Without the help of the government, banks are unable todeliver services to their maximum capacity. There is also an overall distrustof banks. Many people fear putting theirmoney in a bank in case of fraud, lack of security for their money and personaldata etc. 5.3 People in need of Financial ServicesPeople infinancially excluded countries live on cash economies. This means, dangerous and insecure paymentmethods, no organization to their money or finances and a lesser chance ofbusiness opportunities. The cash economysystem they are continuing to use is full of corruption, fraud and theft.
By continuing to use this system, they willbe unable to prosper to their full ability and will not be able to escapepoverty. 6.1 IndiaIn August of 2014, the Prime Minister of India had announced theywill be commencing the mission of achieving financial inclusion. They were the first country to adapt to alarge based eco-system for digital financial inclusion.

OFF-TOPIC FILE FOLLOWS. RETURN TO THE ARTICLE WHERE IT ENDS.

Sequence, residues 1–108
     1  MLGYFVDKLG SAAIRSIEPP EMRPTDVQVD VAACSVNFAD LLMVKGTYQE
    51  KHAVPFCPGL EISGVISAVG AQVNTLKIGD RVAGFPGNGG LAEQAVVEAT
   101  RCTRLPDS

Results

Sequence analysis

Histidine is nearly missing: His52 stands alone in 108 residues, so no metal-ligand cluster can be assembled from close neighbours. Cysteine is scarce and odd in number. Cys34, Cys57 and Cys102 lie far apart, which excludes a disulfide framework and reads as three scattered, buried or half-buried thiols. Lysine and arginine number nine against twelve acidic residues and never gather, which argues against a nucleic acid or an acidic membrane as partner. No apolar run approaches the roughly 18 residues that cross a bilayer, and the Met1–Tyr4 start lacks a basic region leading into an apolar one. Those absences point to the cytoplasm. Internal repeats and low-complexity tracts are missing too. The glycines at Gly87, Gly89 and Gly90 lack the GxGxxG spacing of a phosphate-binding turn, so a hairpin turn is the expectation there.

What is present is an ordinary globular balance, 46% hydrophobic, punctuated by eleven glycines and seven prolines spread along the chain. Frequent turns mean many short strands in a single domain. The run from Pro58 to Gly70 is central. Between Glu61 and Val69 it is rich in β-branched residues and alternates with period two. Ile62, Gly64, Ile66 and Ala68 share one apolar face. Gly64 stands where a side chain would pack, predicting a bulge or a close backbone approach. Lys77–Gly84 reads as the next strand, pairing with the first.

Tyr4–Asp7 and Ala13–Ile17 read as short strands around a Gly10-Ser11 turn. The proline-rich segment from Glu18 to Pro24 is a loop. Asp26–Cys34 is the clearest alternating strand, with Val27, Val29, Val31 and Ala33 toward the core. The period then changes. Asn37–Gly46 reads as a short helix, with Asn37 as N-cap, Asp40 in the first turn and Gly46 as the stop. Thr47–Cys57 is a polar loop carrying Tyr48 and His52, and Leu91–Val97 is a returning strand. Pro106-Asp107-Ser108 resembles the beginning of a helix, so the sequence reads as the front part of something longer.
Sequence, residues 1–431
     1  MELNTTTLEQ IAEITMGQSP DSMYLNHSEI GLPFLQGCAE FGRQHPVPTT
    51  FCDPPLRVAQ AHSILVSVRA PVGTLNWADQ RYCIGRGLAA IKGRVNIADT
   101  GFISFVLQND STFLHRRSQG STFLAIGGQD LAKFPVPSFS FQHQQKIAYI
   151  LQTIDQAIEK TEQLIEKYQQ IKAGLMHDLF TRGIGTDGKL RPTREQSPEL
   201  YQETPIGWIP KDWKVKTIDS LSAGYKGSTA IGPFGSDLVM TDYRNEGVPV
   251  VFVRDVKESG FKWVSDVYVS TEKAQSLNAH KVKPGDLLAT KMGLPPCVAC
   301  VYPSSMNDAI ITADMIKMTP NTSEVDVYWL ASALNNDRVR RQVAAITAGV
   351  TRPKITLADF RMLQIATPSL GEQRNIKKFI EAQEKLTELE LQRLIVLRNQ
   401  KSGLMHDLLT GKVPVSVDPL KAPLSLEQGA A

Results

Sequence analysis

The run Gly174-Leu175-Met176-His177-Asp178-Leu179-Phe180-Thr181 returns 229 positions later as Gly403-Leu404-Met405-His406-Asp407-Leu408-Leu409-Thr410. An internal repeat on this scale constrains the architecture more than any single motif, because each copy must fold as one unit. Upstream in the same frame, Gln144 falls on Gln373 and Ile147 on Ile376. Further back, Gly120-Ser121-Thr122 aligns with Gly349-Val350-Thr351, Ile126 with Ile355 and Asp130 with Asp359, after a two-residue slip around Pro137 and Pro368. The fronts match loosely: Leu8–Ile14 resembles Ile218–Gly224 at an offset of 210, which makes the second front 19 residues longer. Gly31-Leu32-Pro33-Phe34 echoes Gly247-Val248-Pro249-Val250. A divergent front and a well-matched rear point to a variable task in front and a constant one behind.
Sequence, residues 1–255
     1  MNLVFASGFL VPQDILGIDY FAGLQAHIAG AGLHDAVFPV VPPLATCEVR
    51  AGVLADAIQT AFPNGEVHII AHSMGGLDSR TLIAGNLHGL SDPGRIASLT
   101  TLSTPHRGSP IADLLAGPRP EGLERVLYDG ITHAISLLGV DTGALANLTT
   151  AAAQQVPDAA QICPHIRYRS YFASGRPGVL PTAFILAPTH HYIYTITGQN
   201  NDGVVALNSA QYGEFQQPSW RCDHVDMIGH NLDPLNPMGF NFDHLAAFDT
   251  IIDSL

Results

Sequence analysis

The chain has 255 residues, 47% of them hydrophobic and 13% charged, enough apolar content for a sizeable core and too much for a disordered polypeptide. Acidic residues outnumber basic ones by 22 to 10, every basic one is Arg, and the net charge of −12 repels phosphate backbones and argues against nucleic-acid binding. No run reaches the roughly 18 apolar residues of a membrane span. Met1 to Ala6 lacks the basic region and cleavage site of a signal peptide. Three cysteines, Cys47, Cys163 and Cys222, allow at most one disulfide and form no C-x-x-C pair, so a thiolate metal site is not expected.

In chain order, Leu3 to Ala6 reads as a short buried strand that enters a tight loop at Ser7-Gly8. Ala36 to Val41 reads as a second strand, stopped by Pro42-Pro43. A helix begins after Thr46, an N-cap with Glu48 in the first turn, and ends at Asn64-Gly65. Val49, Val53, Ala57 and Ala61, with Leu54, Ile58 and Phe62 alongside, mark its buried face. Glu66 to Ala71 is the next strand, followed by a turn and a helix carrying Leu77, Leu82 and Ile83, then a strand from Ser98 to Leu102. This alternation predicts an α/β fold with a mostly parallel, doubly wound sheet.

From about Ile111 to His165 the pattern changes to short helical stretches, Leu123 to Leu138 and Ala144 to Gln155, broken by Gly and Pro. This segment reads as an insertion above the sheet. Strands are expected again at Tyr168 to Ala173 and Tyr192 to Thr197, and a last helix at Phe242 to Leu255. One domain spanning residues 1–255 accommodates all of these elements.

After two years of this program, over 260million bank accounts had been created and the percentage of the populationwith active bank accounts had increased over 10%. The Indian government has been working withorganizations such as the Bill and Melinda Gates foundation to create newdigital banking models that are easy to use and accessible to poor householdsas well as digitizing government payments to further encourage this system(Bill and Melinda Gates Foundation – Where We Work) 6.2 Sub Saharan Africa – KenyaAnother country who has largely reduced financial exclusion isKenya. They have been using the mobilemoney system M-Pesa developed by Safaricom a mobile telecom operator for over adecade now.